Thursday, 11 March 2010

clear vision, anyone?

nosmears
I know we've just been told the date for the budget as 24 March, but although there's election posters all over the place in central London now, there doesn't seem to have been a date declared.

Perhaps naively, I find this slightly insulting to the British electorate. Much of the normal business of Parliament has been turned into the theatre of pre-election sound bites and the two main parties seem mainly intent upon point scoring.

Brown eschewed the opportunity he originally had to be voted in as leader of his party, or to have an election about a year ago when there was a previous opportunity zone.

Now, instead of declaring his position on this publicly, he leaves us all guessing that it will be 6 May, aligned with the date that other local elections are due to take place. I believe there's theoretically a few weeks into the start of June which would still be available, but it would seem slightly odd to get everyone voting twice in a matter of weeks.

So now we are hearing of senior civil servant pay freezes and no doubt some candied words in the Budget, whilst Brown presides over a 12.8 percent of GDP borrowing level (just slightly higher than Greece and about double the rest of Europe).

We'll be hearing more 'weathering the storm' and 'bumps in the road' speeches over the next few days as well as the Conservatives promising to rescind whatever gets stated in the next Labour budget. On top of the sundry scandals, these points reinforce the purposelessness of the last days of the current Government.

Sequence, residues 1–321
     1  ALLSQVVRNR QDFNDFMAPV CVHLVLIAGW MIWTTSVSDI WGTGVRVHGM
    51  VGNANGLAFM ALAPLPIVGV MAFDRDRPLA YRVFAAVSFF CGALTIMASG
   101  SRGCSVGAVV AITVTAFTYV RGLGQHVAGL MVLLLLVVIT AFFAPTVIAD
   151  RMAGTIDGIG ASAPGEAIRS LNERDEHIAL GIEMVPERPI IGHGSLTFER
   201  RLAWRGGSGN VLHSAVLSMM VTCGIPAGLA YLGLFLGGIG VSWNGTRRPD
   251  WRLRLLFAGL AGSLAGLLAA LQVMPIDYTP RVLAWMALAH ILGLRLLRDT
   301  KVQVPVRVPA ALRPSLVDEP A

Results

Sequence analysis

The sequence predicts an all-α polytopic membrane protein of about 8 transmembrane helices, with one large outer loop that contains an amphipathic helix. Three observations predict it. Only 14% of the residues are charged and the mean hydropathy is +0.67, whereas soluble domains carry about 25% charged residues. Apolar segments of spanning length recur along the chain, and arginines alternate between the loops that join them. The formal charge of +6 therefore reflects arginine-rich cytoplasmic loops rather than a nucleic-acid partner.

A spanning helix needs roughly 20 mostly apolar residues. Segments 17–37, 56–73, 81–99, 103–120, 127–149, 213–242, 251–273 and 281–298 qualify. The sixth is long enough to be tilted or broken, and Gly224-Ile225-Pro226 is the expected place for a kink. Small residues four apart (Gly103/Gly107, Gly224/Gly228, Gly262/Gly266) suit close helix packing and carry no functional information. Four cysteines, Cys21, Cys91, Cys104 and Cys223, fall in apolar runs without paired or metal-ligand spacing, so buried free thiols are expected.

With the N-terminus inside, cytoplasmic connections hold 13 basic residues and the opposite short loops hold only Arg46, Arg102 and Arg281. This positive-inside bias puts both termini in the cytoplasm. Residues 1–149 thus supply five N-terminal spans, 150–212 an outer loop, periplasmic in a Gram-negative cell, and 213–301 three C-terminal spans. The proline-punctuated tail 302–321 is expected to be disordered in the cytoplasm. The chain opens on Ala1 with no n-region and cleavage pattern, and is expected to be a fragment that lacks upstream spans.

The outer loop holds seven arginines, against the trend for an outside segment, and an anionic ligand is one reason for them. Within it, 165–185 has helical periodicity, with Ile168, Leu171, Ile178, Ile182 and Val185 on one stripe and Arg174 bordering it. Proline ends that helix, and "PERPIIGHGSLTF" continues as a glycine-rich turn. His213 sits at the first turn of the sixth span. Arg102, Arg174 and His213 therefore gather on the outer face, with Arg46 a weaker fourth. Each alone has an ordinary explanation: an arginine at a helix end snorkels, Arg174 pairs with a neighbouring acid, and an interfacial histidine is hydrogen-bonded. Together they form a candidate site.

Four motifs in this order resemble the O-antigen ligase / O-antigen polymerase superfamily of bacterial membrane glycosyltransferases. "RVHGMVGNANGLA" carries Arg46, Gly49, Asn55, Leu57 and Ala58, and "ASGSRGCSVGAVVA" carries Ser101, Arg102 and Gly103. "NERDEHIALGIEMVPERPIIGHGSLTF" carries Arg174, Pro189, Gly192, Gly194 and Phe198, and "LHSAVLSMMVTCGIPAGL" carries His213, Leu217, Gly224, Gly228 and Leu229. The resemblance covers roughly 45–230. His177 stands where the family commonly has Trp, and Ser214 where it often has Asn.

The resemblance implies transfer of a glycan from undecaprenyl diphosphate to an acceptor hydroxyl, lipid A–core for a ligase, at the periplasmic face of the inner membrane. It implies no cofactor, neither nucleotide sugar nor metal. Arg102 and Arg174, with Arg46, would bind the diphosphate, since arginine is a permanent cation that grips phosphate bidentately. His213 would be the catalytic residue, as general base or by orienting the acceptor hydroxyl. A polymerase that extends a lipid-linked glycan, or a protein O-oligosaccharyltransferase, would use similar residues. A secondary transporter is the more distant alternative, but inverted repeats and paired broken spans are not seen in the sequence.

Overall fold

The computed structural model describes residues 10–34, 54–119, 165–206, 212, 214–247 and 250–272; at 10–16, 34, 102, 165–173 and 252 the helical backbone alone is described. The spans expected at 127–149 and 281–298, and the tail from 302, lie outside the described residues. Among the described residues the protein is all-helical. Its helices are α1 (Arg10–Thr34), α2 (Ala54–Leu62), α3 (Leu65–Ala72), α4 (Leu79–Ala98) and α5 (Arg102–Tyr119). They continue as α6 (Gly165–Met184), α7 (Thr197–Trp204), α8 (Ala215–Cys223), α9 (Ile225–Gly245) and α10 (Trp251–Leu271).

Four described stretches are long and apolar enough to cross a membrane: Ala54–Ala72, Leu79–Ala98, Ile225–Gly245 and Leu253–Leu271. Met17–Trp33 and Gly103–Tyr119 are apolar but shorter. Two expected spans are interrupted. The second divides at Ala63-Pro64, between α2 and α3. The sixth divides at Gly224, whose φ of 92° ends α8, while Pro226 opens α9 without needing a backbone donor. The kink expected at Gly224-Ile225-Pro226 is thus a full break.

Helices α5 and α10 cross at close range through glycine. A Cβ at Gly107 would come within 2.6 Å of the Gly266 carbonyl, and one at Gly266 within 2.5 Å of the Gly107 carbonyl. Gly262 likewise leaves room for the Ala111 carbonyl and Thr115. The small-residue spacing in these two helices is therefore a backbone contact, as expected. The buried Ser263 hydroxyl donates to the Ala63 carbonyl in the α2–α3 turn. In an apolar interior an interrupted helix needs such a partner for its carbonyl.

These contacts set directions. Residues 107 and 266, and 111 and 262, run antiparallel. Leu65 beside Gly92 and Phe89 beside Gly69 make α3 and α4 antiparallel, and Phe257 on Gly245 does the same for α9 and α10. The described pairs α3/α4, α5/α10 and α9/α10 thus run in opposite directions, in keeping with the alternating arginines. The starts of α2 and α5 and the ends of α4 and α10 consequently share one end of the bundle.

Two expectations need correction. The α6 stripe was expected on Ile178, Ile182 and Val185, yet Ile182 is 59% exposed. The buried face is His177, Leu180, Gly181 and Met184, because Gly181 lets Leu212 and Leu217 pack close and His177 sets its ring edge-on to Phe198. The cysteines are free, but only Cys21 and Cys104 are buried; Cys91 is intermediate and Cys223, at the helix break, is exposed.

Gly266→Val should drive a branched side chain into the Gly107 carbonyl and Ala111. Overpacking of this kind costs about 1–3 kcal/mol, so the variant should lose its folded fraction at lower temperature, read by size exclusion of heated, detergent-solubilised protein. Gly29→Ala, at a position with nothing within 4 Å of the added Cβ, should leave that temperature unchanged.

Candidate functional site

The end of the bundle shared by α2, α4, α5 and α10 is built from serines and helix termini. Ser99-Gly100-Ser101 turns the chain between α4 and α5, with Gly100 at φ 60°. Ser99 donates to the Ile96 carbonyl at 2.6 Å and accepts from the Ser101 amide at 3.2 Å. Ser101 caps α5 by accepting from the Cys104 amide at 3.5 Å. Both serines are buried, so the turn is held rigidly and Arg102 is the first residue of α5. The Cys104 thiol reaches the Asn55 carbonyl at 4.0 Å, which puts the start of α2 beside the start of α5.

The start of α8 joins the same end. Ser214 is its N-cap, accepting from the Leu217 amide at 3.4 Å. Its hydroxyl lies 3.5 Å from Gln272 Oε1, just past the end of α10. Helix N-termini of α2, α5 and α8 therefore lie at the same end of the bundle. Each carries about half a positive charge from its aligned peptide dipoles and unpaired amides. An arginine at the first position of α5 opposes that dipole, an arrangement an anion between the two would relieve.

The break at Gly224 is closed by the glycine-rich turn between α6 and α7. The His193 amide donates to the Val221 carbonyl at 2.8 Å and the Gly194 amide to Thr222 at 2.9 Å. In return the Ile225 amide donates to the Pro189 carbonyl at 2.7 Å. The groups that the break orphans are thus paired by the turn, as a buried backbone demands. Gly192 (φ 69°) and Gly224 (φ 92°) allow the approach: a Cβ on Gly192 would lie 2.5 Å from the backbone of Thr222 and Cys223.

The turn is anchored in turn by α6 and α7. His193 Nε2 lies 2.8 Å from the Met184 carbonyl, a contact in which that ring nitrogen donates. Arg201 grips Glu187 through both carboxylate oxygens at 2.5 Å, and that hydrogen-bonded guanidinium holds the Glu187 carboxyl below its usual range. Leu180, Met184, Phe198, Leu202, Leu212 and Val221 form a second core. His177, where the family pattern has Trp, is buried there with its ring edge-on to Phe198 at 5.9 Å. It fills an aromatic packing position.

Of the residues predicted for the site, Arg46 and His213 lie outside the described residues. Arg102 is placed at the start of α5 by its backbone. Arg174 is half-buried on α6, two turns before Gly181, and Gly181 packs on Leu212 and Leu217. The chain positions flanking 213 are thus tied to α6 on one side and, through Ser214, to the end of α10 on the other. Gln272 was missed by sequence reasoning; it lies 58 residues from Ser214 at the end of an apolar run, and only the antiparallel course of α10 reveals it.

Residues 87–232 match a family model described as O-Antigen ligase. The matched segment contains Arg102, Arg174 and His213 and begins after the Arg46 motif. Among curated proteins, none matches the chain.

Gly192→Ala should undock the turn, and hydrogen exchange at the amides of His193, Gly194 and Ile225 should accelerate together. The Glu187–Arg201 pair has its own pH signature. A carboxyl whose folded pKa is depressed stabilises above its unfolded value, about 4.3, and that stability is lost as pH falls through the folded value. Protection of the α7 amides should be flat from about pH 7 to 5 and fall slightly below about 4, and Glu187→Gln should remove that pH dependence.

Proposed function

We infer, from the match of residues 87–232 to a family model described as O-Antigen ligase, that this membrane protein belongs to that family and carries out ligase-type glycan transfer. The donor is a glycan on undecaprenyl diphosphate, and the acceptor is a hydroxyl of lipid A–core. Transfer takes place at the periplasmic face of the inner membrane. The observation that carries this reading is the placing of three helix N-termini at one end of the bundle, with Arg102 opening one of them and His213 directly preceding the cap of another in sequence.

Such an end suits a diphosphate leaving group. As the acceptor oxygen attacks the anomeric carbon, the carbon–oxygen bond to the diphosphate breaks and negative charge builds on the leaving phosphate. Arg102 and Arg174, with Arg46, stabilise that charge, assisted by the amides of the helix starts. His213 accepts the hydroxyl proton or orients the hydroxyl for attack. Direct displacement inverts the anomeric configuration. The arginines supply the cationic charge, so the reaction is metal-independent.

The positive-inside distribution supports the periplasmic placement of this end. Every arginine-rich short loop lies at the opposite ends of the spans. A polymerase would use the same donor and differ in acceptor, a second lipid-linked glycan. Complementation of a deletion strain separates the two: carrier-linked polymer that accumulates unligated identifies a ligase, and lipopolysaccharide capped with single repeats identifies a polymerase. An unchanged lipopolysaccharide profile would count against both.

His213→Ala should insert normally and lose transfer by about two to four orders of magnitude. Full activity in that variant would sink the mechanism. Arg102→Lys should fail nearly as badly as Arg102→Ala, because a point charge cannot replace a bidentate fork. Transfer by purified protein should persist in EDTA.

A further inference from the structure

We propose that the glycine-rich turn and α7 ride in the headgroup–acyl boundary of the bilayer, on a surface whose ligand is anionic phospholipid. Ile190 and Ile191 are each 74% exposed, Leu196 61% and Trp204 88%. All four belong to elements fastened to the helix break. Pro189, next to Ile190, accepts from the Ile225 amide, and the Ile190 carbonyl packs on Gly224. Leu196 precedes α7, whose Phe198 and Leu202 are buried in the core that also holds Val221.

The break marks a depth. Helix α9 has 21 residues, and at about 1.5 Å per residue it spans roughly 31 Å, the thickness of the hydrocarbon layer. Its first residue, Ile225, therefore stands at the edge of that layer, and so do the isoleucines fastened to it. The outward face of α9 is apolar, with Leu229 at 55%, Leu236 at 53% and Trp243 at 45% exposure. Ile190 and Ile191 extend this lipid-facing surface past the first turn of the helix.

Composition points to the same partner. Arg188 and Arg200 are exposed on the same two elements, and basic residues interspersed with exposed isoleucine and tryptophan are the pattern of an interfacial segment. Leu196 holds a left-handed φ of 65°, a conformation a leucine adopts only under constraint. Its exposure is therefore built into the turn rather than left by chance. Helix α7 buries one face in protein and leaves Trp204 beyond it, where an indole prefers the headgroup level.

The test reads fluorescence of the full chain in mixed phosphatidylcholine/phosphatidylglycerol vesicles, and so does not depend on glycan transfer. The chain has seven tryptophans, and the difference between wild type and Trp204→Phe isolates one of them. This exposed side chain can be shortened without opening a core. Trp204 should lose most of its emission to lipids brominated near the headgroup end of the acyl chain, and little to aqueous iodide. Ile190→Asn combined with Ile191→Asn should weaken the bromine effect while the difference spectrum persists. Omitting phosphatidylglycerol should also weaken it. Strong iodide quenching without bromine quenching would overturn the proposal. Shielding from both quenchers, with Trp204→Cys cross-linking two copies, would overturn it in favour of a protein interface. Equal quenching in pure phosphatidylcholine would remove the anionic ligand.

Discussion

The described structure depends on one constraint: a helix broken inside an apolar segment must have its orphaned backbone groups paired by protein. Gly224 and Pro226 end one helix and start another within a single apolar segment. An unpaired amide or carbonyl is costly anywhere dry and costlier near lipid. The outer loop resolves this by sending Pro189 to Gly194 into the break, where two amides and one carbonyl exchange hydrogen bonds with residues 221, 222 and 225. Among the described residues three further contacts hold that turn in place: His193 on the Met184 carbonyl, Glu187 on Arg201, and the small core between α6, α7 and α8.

political partnersThis time, to add to the fun we appear to be getting the politician's partners being propelled into the limelight. Miriam, Samantha and Sarah are all being blended into the campaigning to support their husbands and no doubt to receive camera scrutiny of their own.

At least Brown's recent comments about the economy may be accurate: "There will be many months ahead of conflicting statistics, false hopes and mixed signals."

As long as all this doesn't start to affect Britain's credit ratings too.

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